Constantly looking for a way to adapt, Rust transitioned to painting what have been described as “Rhythmic Abstractions.” These brilliant, colorful abstracts allow Rust to experience art as she did during her childhood, with complete freedom and without plans or limitations. “This style of painting is so freeing,” Rust explains. “It puts the fun back into painting. The images the multiple layers of paint magically create appear so differently under different lighting, and to each person. I have clients tell me they are continually finding new images in my work. It is almost comparable to cloud watching.”
Rust rarely uses fine art brushes anymore. Instead she now creates most of her paintings by finger painting, or using palette knives, foam brushes from the hardware store, and/or what- ever she can find around the house and her stu- dio. Some of the array of items she has used to create her work include coffee cup stoppers, straws, bottle caps, frisbees, rulers, and even bubble wrap.
She paints in layers, combining different techniques and colors intuitively. “I LOVE to paint again. There is incredible joy to me in laying down color. I have no plan. I just paint,” she says. “I particularly love the juxtaposition of a rhythmic blend of solid colors against thin washes; The overlapping of heavy, and fluid bodied paints; The magic surprises that occur with the use of transparent and translucent colors. All that color beauty… Then throw in the starkness of almost architectural lines. It is ex- citing! And you never quite know what you are going to get. That is perhaps the most fun part! There is a magic that occurs as all these elements come together that often leaves me filled with amazement.”
Because of her unique, expressionistic style, Rust is able to employ techniques from various artists she admires. “I love the beautiful glassy layers of Renoir’s washes,” she muses. “I learned how to put down thin transparent layers from him. I love the way Monet used color that must truly be seen in person. I adore the china doll faces of Gustav Klimt’s women against the abstract array of color and marks on clothing that could just as easily have been on an Egyptian tomb. (I actually started a notebook with all the marks he used in his paintings. It was a happy awakening of marks of the ancients.) I am very pulled by Wassily Kandinsky and his colors and lines. I like the architectural look to his work, yet with beautiful color. Of current day artists, I am proud to have studied intensely under the amazing color genius, Stephen Quiller, and will probably never know how much he has influenced me. I learned more about Trans- parent and Translucent colors from Arleta Pech, who has managed using them to stunning degrees in both watercolor and oils. Most recently I have studied what is being called Intuitive Painting with Flora Bowley.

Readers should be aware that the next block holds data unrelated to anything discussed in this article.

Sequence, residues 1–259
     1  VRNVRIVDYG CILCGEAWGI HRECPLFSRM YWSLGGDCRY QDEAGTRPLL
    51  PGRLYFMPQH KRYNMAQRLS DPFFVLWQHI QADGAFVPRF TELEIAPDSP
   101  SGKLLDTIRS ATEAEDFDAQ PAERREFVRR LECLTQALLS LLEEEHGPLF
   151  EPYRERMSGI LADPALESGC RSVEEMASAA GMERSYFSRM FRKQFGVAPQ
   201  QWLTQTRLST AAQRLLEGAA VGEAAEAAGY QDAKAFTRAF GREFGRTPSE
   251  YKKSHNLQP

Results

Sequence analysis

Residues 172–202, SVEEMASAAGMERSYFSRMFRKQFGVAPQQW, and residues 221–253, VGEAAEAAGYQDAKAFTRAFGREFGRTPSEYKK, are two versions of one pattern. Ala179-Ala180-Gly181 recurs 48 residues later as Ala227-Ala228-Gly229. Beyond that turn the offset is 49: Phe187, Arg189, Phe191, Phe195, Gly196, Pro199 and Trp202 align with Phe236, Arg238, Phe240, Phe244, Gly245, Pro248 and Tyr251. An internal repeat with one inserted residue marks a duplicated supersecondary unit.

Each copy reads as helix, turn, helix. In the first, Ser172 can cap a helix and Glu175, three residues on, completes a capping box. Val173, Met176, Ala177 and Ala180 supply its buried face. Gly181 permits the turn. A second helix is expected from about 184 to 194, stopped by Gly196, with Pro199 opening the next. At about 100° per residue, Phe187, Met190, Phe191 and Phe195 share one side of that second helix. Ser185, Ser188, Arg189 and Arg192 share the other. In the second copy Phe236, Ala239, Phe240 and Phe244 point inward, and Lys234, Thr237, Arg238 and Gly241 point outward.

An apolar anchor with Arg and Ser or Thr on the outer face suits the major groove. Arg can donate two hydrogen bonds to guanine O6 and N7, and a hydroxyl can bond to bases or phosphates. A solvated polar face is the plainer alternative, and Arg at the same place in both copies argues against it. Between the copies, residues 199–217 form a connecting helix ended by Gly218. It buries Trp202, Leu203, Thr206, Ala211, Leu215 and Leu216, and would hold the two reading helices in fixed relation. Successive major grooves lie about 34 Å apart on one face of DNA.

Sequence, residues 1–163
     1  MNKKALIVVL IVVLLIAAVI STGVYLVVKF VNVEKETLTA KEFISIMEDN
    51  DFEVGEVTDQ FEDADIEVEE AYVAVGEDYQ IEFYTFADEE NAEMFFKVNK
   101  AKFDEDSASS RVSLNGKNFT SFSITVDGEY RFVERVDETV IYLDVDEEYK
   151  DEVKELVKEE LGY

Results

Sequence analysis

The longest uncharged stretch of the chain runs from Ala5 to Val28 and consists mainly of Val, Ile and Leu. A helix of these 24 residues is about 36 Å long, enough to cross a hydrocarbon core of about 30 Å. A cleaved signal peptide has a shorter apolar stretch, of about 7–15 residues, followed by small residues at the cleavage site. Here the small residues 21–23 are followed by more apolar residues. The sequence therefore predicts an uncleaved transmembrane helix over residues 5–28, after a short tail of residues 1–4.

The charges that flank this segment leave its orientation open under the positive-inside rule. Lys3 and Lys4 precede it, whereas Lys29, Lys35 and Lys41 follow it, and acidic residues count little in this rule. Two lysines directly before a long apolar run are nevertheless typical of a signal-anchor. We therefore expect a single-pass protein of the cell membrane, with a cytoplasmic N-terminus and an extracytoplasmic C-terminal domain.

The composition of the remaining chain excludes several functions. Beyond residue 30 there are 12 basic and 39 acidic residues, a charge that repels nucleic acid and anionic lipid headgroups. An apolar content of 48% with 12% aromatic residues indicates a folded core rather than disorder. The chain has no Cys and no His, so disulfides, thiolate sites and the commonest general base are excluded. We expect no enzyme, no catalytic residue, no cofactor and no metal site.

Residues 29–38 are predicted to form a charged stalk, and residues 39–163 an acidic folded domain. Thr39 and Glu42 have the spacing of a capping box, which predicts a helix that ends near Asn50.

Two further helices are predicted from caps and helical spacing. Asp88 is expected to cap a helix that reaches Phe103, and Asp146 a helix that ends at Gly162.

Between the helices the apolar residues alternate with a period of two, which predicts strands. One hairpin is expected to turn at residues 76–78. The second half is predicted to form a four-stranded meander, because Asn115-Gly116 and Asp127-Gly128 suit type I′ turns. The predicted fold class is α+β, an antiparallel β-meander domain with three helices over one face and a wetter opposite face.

And all that has led me more down the path to a type of modern day abstract expressionism…or my rhythmic abstractions.”
Imprints”| 24” x 24” | Acrylic & Copper Metallic Acrylic on Canvas by Cyd Rust
In 2010, one of Rust’s paintings was selected as the cover for a national art show and was featured on the show’s poster and in its catalogue. Rust’s paintings have also won numerous regional awards, and she holds the rare distinction of having been in national shows for her paintings as well as her sculptures. She has been in several shows and exhibitions, including being invited to participate in the 2014 Richard Schmidt/Rist Canyon Fine Art Juried Auction. Also in 2014, Rust had two solo small works shows in Fort Collins, Colorado. Rust has been spending time recently adding to her portfolio and teaching workshops.
In 2016 Rust was accepted into the National Association Of Women Artists, Inc. Her Induction into the group will take place in November.
Viewers of her art have called the colors “beautiful” and say that they get lost in the images, constantly finding new colors, marks, and patterns they hadn’t noticed before and truly experiencing the cloud watching element of Rust’s work.
When Rust is not painting or teaching a workshop, she can often be found walking along the lake with her husband, playing with their Havanese puppy “Pablo”, or practicing yoga.
When asked about her mission as an artist, Rust replies that it is threefold: “To Create, to Share, and to Care.
To Create paintings that both intrigue and inspire the viewer, to create works that make “art- play” something not to be feared by the general public but rather allows them the opportunity to share in the almost magical joy I experience while painting.
To Share my process and to help encourage others to step out of their comfort zones and truly enjoy this process we call art. Whether that is as a collector or as an artist, I believe the interplay that naturally occurs in my paintings is a wonderful way to help with that.”
To Care about others and try to help them express their creativity. She believes that every- one is artistic, it is just a matter of releasing the creative muse that is inside them. Rust teaches workshops on her painting method, and is currently writing a book about “Art as a way to help with Chronic Illness.”